Turk says he believes that the beauty of education lies in the freedom to participate in back-and-forth interaction with a common goal: the acquisition of knowledge between both student and teacher. But if a teacher’s actions can be likened to a retail clerk selling a customer a sweater, financial motives can compromise a university’s academic integrity. “You’re here to get this ticket, this credential, and you’re paying for this credential. And if you aren’t able to buy something with that credential when you get out, then has the university failed you?
“If my response to you as a student isn’t based on what I think is going to help advance your understanding of the issue, then it really undermines what education is,” Turk says.
Robert Chernomas, an economics professor at the University of Manitoba, echoes the sentiment. “Administrators are calling students consumers. Many of them are, which is a disastrous idea,” he says. He also notes the ethical questions this model may bring forth. “If you’re my customer, you’re always right. I have to give you an A.”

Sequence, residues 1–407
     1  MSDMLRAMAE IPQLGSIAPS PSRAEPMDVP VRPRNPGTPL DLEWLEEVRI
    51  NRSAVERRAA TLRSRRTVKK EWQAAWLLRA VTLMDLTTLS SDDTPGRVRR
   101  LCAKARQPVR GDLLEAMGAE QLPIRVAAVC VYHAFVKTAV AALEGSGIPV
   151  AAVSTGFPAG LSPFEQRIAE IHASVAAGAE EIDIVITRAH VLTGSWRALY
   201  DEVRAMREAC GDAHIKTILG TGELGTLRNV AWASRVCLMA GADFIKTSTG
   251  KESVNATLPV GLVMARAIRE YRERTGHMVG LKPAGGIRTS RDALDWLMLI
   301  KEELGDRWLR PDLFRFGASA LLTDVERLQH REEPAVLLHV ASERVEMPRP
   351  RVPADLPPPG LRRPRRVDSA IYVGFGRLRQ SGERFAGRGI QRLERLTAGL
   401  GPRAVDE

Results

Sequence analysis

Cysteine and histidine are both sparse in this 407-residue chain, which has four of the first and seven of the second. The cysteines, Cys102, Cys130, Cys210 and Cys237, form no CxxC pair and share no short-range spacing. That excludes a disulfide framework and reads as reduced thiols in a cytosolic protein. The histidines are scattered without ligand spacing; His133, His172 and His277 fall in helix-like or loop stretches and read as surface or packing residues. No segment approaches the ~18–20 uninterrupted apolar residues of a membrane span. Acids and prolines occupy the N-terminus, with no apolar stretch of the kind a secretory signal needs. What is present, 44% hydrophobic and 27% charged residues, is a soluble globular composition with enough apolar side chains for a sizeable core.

This mindset shift could also be detrimental to the way students learn. Studies show that operating in this customer-oriented model “may foster a culture whereby students seek to ‘have a degree’ rather than ‘be learners’ because it promotes passive instrumental attitudes to learning.”
A compromise in educational values can affect other areas of the university experience. Chernomas says that with this “customer-driven” model, students can expect fewer courses, less variety in class offerings and a change in funding. “Right-wing governments are now going to stipulate where the money is going to go at universities,” he says. Employment and salary rates are fast becoming key indicators of “success” under a customer model. Therefore, more money might go towards the business department and the professional schools, and less money to arts and humanities.
Arts and humanities play a critical role in a well-rounded education, fostering the growth of the student while serving society, Chernomas says. “It’s often history, philosophy and English majors that service better, even to corporations. And the reason is they’ve got communication skills, which is paramount. They can read and they can write, and they can think critically. Whereas all the professional schools, these skills have a half-life, (and) are often limited by technology.”